Lately, I built this voltmeter, having six inputs, as an in-house tool (at workplace).
It measures the tap voltages of a transformer of a mains relay-stabilizer (having up to six taps, not counting its ground terminal).
Its purpose is to deduce the turn-ratios, from the voltage readings, in case the power auto-transformer (for houses/offices/stores) is unknown.
The values of the six measurements (each 4 BCD digits, gathered in 2 bytes) could be saved (12 bytes total) in an external SEEP (actually, it is 24C32).
In this project (as it will be noticed on the PCB layout), the 24C32 IC is embedded in an in-house smart card.
For instance, I produced this card (1000 pcs), 10 years ago in China, for our moving message sign project; as a small media to transfer manually the message data from a user PC to the user sign panel (besides the IR and RF transfer methods).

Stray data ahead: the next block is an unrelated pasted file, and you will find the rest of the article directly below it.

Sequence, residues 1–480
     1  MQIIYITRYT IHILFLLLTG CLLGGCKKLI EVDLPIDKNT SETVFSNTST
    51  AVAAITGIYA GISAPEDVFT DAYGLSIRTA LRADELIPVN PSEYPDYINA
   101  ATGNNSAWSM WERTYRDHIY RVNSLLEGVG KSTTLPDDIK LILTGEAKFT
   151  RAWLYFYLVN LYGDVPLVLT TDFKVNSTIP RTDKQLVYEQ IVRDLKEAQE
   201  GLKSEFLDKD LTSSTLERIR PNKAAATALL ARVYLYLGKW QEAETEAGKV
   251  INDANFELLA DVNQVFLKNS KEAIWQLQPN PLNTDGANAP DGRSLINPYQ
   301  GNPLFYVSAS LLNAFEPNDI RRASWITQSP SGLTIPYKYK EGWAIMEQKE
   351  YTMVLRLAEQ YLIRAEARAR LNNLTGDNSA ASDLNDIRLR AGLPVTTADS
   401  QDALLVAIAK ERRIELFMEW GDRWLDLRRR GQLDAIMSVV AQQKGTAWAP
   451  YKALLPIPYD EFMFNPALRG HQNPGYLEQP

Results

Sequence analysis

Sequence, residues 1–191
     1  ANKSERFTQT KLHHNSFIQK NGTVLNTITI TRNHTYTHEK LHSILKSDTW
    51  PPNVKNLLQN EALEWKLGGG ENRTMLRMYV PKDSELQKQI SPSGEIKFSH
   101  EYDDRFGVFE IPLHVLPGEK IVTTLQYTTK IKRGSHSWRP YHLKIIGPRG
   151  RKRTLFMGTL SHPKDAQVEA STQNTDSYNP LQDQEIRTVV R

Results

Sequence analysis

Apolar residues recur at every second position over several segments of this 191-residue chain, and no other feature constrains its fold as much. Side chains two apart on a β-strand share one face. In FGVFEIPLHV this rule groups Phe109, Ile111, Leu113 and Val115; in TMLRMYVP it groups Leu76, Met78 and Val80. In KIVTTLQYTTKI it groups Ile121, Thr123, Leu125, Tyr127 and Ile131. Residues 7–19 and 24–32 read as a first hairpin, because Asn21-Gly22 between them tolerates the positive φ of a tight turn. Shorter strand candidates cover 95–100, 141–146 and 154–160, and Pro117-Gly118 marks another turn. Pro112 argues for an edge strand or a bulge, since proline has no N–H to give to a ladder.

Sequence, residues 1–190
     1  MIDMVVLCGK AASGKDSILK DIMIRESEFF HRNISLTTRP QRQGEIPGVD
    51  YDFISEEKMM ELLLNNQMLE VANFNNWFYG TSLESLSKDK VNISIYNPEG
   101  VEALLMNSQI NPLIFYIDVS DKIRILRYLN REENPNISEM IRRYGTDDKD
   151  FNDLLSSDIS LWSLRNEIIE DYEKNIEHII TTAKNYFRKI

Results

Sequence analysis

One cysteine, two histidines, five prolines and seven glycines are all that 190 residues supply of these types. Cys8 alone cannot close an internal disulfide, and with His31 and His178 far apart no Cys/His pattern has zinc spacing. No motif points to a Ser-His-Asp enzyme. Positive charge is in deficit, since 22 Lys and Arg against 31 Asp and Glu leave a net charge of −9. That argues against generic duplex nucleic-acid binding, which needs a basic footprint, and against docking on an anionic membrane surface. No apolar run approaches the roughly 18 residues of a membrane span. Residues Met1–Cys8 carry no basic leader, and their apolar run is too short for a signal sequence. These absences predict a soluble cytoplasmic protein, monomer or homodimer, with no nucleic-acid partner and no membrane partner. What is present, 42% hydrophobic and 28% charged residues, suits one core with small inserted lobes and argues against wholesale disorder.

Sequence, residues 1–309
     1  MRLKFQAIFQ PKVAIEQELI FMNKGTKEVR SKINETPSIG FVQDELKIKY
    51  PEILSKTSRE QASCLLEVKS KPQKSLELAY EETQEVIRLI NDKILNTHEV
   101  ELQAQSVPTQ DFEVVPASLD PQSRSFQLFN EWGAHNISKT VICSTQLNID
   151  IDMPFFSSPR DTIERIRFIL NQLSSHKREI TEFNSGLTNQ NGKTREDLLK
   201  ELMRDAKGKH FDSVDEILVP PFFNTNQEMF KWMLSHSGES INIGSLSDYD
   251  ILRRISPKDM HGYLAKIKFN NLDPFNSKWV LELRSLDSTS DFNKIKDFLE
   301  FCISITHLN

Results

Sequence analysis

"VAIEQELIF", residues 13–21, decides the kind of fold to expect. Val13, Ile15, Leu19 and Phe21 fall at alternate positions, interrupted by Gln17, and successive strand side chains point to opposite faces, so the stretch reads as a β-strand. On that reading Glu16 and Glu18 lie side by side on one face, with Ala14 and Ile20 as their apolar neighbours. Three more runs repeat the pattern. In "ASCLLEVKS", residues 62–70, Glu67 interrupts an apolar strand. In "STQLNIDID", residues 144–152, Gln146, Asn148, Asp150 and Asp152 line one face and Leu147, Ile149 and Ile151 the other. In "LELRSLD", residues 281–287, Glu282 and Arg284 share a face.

A SEEP reader/programmer, via USB port, could be used to upload the SEEP contents into a bin file (as SEEP.bin). (A few years ago, I downloaded one “EE-Prog”, its open hardware and software, from internet since I can’t download/installed, for free or paid, any genuine new C complier/resource to access USB port). A simple hex editor displays the six measurements on SEEP.bin, each as 4-digit BCD (RMS voltage *10); for example, 20 53 means 205.3. (At work, I also copy these values on an Excel sheet to generate the optimum/best voltages table for the stabilizer board, produced in-house, to become suitable to control the unknown transformer of an old stabilizer which could be brought for repair by a consumer).